Martin Partington: Spotlight on the Justice System

Keeping the English Legal System under review

Posts Tagged ‘civil litigation

The specialist financial list of England and Wales: diagram – launch of website

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The following diagram can be seen at https://www.judiciary.gov.uk/you-and-the-judiciary/going-to-court/high-court/

It gives more information about how the recently announced specialist financial list will be structured within the High Court of England and Wales. Go to the website and click on each of the headings for more information.

The creation of this new list raises, in my mind, a more general question – should specialist facilities be available only for the rich litigating over large sums of money. Other areas are arguably worthy of similar treatment  – e.g. housing. Given the investment in new technologies it might also be argued that access to specialist judges would not necessarily need to be in specific court buildings; they could be asked to deal with cases on-line via video links, for example. This may be an issue for Lord Justice Briggs to consider

Written by lwtmp

August 1, 2015 at 1:38 pm

Court fees: new decisions; new consultation

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In purely commercial terms, the civil justice and tribunals system operates at a financial loss. Many argue that this is as it should be – the provision of courts and tribunals is a public service that should be financed generally by the state, not just by those who have to use the courts. But the former Coalition Government and the current Conservative Government do not share this view. They argue that users of court and tribunal services should pay more for them than they historically they have done. Despite recent increases in court fees, the Government states that the Courts and Tribunals Service costs £1 billion more than the income received through fees.

In January 2015, I noted here the decisions of the Government to introduce new court fees – decisions which, when they came into effect in April, resulted in a great deal of complaint from the legal profession. Those decisions were also accompanied by a consultation on other proposed changes to court fees.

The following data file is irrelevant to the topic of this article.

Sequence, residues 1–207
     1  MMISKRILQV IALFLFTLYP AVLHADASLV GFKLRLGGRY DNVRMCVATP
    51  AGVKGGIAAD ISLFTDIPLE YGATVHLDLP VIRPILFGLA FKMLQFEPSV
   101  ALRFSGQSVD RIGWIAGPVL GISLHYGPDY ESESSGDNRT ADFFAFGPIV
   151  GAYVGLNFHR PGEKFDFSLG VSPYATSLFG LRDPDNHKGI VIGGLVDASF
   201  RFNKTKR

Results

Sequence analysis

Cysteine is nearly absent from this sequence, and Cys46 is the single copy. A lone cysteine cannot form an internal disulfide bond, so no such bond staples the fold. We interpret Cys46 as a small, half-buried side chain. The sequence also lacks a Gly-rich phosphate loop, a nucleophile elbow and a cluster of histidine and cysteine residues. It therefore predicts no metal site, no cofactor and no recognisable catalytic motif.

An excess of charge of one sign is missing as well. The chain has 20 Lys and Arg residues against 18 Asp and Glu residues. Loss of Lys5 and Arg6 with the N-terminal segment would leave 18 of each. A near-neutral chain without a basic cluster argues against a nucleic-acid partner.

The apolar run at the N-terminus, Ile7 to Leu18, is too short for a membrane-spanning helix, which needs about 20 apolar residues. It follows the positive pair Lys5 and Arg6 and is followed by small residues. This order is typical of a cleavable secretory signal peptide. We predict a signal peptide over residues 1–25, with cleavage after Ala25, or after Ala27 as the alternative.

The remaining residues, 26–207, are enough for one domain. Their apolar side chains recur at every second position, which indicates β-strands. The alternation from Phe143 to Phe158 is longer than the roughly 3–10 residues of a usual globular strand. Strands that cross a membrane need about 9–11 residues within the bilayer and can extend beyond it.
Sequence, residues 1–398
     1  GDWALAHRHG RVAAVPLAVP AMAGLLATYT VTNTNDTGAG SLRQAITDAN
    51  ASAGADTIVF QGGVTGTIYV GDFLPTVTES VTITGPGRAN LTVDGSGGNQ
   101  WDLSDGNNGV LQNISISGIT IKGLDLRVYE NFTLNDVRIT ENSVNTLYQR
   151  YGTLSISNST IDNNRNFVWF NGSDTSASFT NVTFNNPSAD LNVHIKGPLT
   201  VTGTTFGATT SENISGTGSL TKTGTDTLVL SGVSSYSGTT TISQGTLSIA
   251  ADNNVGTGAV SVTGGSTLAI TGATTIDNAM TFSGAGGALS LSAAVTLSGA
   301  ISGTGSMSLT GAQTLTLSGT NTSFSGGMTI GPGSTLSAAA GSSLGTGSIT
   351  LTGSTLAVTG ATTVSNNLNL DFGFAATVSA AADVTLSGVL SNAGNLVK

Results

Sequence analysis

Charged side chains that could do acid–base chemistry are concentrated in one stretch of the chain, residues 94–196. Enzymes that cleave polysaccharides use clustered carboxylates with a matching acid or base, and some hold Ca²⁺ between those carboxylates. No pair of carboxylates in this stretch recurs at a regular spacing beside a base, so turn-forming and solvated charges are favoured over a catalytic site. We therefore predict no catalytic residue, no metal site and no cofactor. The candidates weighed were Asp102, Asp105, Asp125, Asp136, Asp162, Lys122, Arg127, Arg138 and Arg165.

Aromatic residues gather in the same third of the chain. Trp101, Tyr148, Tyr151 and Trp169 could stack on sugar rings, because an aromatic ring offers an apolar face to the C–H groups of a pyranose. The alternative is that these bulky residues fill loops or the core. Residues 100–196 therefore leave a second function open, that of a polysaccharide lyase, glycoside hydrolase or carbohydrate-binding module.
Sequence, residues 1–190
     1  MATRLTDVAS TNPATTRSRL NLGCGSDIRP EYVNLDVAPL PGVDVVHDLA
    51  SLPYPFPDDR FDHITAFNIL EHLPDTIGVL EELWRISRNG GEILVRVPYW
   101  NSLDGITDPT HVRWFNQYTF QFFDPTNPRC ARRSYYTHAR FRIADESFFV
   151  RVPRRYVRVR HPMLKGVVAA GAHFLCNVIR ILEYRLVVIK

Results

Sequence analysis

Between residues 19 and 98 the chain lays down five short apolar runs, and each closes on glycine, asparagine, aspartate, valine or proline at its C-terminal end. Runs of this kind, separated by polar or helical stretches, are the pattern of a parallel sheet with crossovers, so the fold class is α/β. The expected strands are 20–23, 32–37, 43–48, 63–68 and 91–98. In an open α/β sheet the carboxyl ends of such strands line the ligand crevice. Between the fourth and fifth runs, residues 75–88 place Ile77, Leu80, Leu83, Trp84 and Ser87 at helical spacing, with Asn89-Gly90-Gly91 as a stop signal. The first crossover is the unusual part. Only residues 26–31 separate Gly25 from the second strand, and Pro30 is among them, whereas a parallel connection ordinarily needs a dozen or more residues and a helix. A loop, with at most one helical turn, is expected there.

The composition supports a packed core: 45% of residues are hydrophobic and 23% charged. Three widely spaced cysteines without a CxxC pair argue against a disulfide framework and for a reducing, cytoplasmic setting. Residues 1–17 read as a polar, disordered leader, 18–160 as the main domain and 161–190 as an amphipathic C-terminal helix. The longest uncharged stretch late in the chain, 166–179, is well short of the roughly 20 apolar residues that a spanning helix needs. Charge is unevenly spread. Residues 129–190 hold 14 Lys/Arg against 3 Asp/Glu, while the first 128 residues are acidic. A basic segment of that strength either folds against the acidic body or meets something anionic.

This incremental approach to policy making – linking decisions and consultations – has now been used again. In July 2015, the newly elected Conservative Government reached its conclusions on the issues it consulted on in January 2015, and at the same time set out further proposals for fee changes on which views are sought – nicely timed for the holiday period when Ministers and civil servants are away, leaving holiday homework for those who have to respond to these documents!

The July 2015 document sets out the following principal decisions and issues.

Court fees – general

1. Following the January consultation, the Government has decided to increase the fees for issuing a possession claim in the county court by £75, from £280 to £355. The Government claims that the available evidence suggests that this increase will not deter anyone who would otherwise have taken their claim to court. it does not mention the ultimate impact this decision may have on the person against whom possession is being sought.
2. The Government has also decided to increase the fees for general applications in civil proceedings by £50, from £50 to
£100, for an application by consent and by £100, from £155 to £255, for a contested application. In order to ensure the most vulnerable are not affected, the Government has decided to exclude from this fee rise applications such as those to vary or extend an injunction for protection from harassment or violence.
Divorce fees
In December 2013, the Coalition Government also consulted on increasing the fee payable to issue divorce proceedings from £410 to £750. The Government has now announced that it will Increase the fees for issuing divorce proceedings to £550. The Government states:
We have carefully considered the concerns raised during the consultation and decided not to increase fees by 80% as originally proposed. Instead we will press ahead with a more affordable increase of about a third. We are also protecting the most vulnerable by ensuring that fee remission is available for those who need it, such as women in low wage households.
What is interesting to me is whether there are opportunities here to encourage parties to potential divorce proceedings to issue proceedings on-line. While some divorce proceedings are extremely complex, many are not. Should not the Government be developing a portal to enable divorce proceedings to be issues on-line, such as now happens in other parts of the civil justice system, e.g. for money claims and possession claims? Lower fees for issuing proceedings online would be expected.

It cannot be said that the three changes listed above are going to impact significantly on the £1bn shortfall; the Government’s own estimates are that the increased fees will only raise around £60 million.

Further proposals